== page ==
I’ve found a number of the comments on my post about utility maximization to be helpful and clarifying, and I’m convinced as ever that we need to throw it out. I’m mainly focusing here on posts that either confirm or deny my assertion that it should be thrown out, and leaving out the certainly relevant and helpful comments on why economists rely on it/what it implies.
First, Tom Hickey wrote:
the subliminal worldview of most people is not internally consistent, because it is not consciously constructed or intentional arrived at. A lot of people don’t pursue goals that they would if they had different norms, for example.As a result, most people are conflicted much of the time. They control their “base nature” through the imposition of value-structures, religious and moral codes, ethical standards, and positive, for example, and this is an internal conflict that manifests in decision-making. Some of these decisions are economic choices that are not necessarily utility maximizing in the rather simplistic way that many economists consider, e.g., pursuit of self-interest.
Kevin disagreed with both Tom and me:
On the other hand, assuming someone doesn’t maximize over preferences seems very, very strange. Surely we are guided by passions, but we are not machines. To the extent that we have what philosophers call “human agency”, then we are attempting to do what we think is best for us. That simple idea turns out to be a very powerful paradigm of the world…
Social science is too complicated to know *exactly* why something happened. As such, our models will, by definition, be wrong sometimes. A better criteria for models is whether they are useful!
Note further that max u does not require people to do what’s “in their best interest”: as an economist, I don’t even know what term could mean. I only care that they have some preferences and maximize over them, harmfully or beneficially.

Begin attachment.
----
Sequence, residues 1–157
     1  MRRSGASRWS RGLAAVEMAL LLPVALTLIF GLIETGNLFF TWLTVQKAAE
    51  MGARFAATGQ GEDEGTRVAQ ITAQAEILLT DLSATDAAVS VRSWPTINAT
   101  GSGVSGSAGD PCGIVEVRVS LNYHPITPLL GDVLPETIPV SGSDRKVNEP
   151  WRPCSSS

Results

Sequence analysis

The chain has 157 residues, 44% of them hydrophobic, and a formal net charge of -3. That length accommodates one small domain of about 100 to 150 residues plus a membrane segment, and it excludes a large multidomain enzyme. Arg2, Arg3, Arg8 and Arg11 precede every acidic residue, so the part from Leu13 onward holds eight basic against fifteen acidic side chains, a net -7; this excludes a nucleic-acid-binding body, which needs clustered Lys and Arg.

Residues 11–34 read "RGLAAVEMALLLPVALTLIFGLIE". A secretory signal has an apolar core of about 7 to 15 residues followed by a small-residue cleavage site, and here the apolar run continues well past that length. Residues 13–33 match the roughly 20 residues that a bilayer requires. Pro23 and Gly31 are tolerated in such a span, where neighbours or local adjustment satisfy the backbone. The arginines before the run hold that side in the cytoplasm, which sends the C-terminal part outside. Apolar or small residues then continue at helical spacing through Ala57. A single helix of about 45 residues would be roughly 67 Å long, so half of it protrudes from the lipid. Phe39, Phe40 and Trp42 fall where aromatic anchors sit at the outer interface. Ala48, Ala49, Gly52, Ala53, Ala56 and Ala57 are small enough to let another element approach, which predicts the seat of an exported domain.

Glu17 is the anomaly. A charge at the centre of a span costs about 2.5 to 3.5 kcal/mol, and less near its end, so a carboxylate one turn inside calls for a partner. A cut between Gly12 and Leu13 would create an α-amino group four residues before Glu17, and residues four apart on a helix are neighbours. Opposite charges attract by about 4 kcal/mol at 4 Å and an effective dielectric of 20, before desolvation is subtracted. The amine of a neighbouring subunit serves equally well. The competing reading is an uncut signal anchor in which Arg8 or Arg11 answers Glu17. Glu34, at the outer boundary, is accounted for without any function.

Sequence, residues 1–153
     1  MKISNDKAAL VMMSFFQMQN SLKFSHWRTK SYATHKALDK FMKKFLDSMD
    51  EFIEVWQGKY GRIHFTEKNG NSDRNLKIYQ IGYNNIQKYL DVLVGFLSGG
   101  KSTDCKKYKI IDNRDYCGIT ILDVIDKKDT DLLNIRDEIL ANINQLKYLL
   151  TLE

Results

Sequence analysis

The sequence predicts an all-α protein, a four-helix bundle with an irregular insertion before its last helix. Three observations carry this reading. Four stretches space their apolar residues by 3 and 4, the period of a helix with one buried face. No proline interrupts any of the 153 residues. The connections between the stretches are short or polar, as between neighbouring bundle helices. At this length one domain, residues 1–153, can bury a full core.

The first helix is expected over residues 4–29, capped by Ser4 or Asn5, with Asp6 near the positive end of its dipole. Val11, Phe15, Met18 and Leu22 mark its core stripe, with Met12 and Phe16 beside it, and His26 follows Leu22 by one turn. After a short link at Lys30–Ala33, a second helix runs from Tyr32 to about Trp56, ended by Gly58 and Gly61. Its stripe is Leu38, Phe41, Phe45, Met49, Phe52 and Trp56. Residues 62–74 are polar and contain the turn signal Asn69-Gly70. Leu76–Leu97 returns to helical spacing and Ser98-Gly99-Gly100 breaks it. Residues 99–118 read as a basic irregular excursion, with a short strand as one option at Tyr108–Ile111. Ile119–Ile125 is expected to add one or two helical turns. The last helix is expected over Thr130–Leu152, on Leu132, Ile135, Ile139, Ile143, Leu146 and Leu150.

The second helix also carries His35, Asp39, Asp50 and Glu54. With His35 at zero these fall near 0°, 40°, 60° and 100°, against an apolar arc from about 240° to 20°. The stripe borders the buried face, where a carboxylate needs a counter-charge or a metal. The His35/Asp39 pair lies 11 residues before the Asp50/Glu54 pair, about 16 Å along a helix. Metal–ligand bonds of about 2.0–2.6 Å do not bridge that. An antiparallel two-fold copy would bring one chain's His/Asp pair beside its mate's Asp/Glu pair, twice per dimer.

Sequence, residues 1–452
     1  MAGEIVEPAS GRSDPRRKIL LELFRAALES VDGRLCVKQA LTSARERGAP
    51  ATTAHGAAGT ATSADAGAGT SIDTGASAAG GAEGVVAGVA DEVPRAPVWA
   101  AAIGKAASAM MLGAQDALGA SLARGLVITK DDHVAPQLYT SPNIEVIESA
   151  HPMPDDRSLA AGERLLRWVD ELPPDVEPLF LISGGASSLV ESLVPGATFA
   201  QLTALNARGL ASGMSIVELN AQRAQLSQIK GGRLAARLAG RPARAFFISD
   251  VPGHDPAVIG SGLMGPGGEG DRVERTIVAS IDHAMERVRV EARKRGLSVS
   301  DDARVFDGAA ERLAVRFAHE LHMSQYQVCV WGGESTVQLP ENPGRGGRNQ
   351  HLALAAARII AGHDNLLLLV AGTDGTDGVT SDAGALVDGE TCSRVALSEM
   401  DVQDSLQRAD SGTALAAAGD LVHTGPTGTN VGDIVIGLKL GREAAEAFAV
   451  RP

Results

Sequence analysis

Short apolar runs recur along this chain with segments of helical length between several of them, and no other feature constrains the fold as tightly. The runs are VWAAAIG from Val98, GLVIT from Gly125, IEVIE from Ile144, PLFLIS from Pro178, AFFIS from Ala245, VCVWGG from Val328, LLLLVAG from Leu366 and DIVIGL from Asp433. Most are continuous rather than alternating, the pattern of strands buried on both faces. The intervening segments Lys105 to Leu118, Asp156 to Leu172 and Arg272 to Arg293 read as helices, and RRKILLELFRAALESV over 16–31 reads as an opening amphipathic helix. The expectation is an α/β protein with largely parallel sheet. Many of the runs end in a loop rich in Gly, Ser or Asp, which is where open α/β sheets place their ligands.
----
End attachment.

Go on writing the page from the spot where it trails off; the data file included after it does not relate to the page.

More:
Even if you find that restriction too strong, max u may still be salvaged to the extent that most economic models only care that people act “as if” they maximize utility…I think it’s madness to say that humans aren’t purposeful. It is very, very easy to get people to react to incentives
David Youndberg jumped in:
I’m surprised you say “it’s hard to argue that individuals are maximizing anything.” People are maximizing things all the time! They buy more during sales…
Does this risk being tautological? Perhaps, but if you want to expand the number of things economics explains, that’s a natural danger.
This fallacy, that humans are so purposeful, is what is woefully misguided. This may be a cheap shot, but I think the main reason it persists is because people who are attracted to economics tend to act so “purposefully” themselves…
I meant to say, they aren’t consistently maximizing anything, at least not in a measurable way…The tradeoff of simplicity for a tractable model is not a worthwhile one when the model turns out to do an awful job of predicting how the economy actually works. Yet economists cling to it…
I was too strong when I said humans aren’t purposeful. I meant they are not consistently purposeful. They also consider a host of changing norms and ideals that cannot be modeled. These things can neither be measured (at least right now) nor assumed away.
Finally, I think Sandwichman really brings it to the table. His comment is the sort of thing I would like to write if I understood these things much better:
The gestalt theory of figure and ground is apt here. What counts as figure and what counts as ground is a cognitive choice the mind makes based on subjective experience. Maximizing utility is something that only occurs after we’ve identified what we think the figure is. The illustration of Rubin’s vase demonstrates what happens when the information is ambiguous and could be read either way. It’s also a simplification in that the ambiguity is only two-way. There can also be multi-layered ambiguity. This is what people mean when they talk about uncertainty.
Kevin presents a very articulate defense of utility maximization that sidesteps the fundamental nature of uncertainty. It’s not a matter of satisficing meeting the criteria of maximization, it’s a matter of not knowing and not being capable of knowing what one’s preferences are. The problem with neoclassical economics is that economists have picked some trivial examples of consumer preference and generalized from them. It seems intuitive if you’re talking about preferences between, say, beans and brocolli. The whole preference ordering game works there only because… it doesn’t really matter. For all intents and purposes it’s “reversable”.
On big ticket items, though (things like career, life partner, domicile), the distinction between figure and ground is fundamentally uncertain. Economists have swept that huge difficulty under the rug by treating these as a “normal goods” the preferences for which can be modeled by generalizing from trivial and totally dissimilar examples of commodity preferences. Even the choice between war and peace can be trivialized to choosing between guns and butter.